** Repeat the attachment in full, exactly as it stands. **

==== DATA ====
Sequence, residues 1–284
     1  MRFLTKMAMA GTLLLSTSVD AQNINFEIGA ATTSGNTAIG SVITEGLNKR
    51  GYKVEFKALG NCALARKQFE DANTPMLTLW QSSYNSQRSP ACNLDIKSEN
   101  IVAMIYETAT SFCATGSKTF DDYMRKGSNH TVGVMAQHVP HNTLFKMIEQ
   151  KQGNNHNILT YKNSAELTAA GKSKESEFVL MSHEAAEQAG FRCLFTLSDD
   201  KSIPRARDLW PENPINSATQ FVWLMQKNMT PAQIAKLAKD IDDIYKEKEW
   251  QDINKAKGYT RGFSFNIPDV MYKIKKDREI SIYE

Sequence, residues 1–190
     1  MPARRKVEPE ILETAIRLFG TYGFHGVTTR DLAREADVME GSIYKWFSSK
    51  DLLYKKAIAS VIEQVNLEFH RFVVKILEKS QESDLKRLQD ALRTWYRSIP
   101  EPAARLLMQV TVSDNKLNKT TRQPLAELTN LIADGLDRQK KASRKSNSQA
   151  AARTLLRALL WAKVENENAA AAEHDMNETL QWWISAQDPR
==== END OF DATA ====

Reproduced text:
Sequence, residues 1–284
     1  MRFLTKMAMA GTLLLSTSVD AQNINFEIGA ATTSGNTAIG SVITEGLNKR
    51  GYKVEFKALG NCALARKQFE DANTPMLTLW QSSYNSQRSP ACNLDIKSEN
   101  IVAMIYETAT SFCATGSKTF DDYMRKGSNH TVGVMAQHVP HNTLFKMIEQ
   151  KQGNNHNILT YKNSAELTAA GKSKESEFVL MSHEAAEQAG FRCLFTLSDD
   201  KSIPRARDLW PENPINSATQ FVWLMQKNMT PAQIAKLAKD IDDIYKEKEW
   251  QDINKAKGYT RGFSFNIPDV MYKIKKDREI SIYE

Sequence, residues 1–190
     1  MPARRKVEPE ILETAIRLFG TYGFHGVTTR DLAREADVME GSIYKWFSSK
    51  DLLYKKAIAS VIEQVNLEFH RFVVKILEKS QESDLKRLQD ALRTWYRSIP
   101  EPAARLLMQV TVSDNKLNKT TRQPLAELTN LIADGLDRQK KASRKSNSQA
   151  AARTLLRALL WAKVENENAA AAEHDMNETL QWWISAQDPR